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When I was a kid, one of the first things we were taught was how to ride a bike and how to swim. The two seemed to travel in tandem. I can't remember who it was (probably Einstein or similar ) who said that the secret to riding a bicycle was to keep moving forward. 

In the case of swimming, it is often about keeping your head above water and treading water when you are tired or feeling sunk.

 As a child, my parents taught us the value of being thrown in the deep end. After we had mastered the essentials in the local community swimming pool, we were initiated into the deep waters of the Hauraki Gulf in New Zealand. It was like a baptism of faith in many respects: faith in them to be there if we got into strife and faith in our own ability to stay afloat and get back to the boat safely. 

My maternal grandfather, stingy, tight fisted old bugger at the best of times, used to give us each 10 shillings each for Christmas. It was a rather generous gift in today's money. 

One day, he offered my brother 10 bob to swim across the swimming pool. My brother got about half way across and started to turn back and came back to the side from which he started. " Help, help, can't swim " he said as he panicked and gave up. Needless to say he did not get the promised 10 shillings, in spite of the fact that he swam the required distance. For, if he had carried on, he would have made the safety of his chosen shore and pocketed an easy profit for work well done. 

Incidentally, when my brother said " Help, help, can't swim, it was quietly said. " 

Redhead, Mum, asked him why he didn't call out and yell that he was in trouble? 

He replied " Someone might have heard me. " 

Go figure that one out. 

I think back on times when knowing how to swim or ride a bike has served me well. 

When times have gotten tough and life has sent me curve balls, I have instinctively remembered that I need to keep peddling in order to not fall down. To keep swimming or to tread water when I run out of steam. 


I may not have learned that as a Nipper, like my kids did, but I learned it as a child of parents who participated in my life and the molding of me as a future adult who could navigate the rocky roads and turbulent seas of adulthood.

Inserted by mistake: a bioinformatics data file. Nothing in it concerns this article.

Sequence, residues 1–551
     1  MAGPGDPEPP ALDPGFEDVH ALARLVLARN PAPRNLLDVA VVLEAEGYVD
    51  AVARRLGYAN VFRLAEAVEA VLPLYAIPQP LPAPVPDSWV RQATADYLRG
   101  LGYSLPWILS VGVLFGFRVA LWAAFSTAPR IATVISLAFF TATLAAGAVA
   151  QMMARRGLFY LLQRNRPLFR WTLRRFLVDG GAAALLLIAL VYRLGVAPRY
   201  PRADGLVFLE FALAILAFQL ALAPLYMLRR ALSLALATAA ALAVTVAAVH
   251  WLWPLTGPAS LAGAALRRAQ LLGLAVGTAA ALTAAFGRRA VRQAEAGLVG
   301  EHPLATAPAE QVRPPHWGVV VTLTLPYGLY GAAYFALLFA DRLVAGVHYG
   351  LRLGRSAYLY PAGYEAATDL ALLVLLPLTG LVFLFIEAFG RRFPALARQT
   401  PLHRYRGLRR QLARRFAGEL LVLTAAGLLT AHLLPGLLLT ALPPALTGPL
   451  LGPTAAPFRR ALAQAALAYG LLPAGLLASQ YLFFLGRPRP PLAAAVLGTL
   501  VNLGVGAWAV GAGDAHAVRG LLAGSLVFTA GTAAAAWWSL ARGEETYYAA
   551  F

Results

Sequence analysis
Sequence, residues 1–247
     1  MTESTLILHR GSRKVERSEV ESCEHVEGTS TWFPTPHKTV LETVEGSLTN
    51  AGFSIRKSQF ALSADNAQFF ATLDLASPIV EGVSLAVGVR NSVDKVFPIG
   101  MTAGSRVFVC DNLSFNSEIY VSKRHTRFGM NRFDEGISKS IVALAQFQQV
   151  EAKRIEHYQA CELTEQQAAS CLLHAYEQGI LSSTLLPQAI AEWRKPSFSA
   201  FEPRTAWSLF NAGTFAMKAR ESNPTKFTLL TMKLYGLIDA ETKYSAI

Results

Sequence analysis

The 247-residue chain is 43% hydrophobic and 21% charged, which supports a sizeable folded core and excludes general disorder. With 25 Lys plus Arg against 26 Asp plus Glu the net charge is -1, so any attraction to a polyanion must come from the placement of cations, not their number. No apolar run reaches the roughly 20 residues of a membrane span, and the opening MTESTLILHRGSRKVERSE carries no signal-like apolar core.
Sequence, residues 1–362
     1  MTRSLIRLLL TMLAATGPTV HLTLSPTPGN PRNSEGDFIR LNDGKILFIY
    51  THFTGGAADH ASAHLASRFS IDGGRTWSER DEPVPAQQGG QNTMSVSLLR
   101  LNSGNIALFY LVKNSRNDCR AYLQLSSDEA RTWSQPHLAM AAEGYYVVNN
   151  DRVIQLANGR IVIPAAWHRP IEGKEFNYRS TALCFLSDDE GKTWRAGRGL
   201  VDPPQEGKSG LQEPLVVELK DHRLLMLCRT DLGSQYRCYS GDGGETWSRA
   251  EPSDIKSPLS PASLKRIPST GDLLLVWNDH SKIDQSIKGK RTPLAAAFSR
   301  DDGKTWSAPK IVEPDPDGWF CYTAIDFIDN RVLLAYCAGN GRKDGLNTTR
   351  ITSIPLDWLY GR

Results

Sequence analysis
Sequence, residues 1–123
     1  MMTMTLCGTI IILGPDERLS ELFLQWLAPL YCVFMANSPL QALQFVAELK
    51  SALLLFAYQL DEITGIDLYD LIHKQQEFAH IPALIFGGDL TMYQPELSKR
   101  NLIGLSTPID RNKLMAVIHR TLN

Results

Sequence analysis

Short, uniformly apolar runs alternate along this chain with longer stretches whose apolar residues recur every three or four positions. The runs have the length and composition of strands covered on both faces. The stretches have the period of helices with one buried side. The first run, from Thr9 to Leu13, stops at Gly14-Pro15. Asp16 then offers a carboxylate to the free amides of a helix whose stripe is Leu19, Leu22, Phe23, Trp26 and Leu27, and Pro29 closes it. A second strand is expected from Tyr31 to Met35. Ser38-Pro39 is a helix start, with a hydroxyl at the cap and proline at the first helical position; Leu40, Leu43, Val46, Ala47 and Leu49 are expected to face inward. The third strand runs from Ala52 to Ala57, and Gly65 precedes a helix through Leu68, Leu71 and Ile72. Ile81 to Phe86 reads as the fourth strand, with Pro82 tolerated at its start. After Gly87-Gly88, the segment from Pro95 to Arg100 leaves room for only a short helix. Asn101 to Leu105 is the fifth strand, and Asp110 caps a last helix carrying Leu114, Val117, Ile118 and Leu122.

In truth, children today are swaddled in the fear of parents who, in turn, pass on that fear to their young ones. 

What is more worrying, however, is that children today aren't allowed to ride a bike without knee pads and helmets. They don't get grazed knees. They don't fall off and feel the pain of a failed bike ride down a steep hill and think to themselves " Hmm. Maybe that wasn't such a good idea after all. " 

You see, kids need to learn about pain. About the reality of life. And they sure as hell won't learn it attending a drag queen show at the local library. 

They will learn it by being guided by good parents who let them explore reality. 

Only yesterday, a neighbour of Redhead had a crane carry a container shed over his fence and have it placed in his backyard. The young 4 year old next door to her was taken down with his father to watch the skill of the crane driver. The father eagerly explained the precision of the move. Redhead stood with them and heard the man explain to his young son what was going on. 

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This is the same father who bought a toy truck for his little lad, replete with a tool kit so the boy could learn how to use a spanner and disassemble and reassemble a toy truck.

Parenting is not really a skill. All it is really is the ability to pass on our knowledge and hope for the best. 

We know that we had the lessons learned through falling off, hurting ourselves, thinking that we were drowning; but we managed, through good parenting to survive the challenges of childhood. 

I believe that participation badges are a bad idea. 

No one should get a medal for simply showing up. You have to be in the game and get the bruises. 

I often look at men and women in the military who wear medals and have never served an active day in a conflict zone. 


They have participation badges for doing nothing. They never rode a bike down a steep hill and never landed over the handle bars with a broken tooth.

They never swam in shark infested waters or nearly drowned in an ocean far from home. 

They didn't face an enemy in a war against an unseen adversary. 

You see, life is a metaphorical war. 

It comes in the form of cancer; government overreach; the corruption of values; the distortion of acceptable human behaviour.

And sadly, with so-called parents who never learned how to ride a bike or learn to swim. 

Everything that is wrong in this world comes down to the destruction of the Family. The denigration of Men. The destruction of womanhood. Motherhood. 

So Endeth the lesson'

 Something to think about. 

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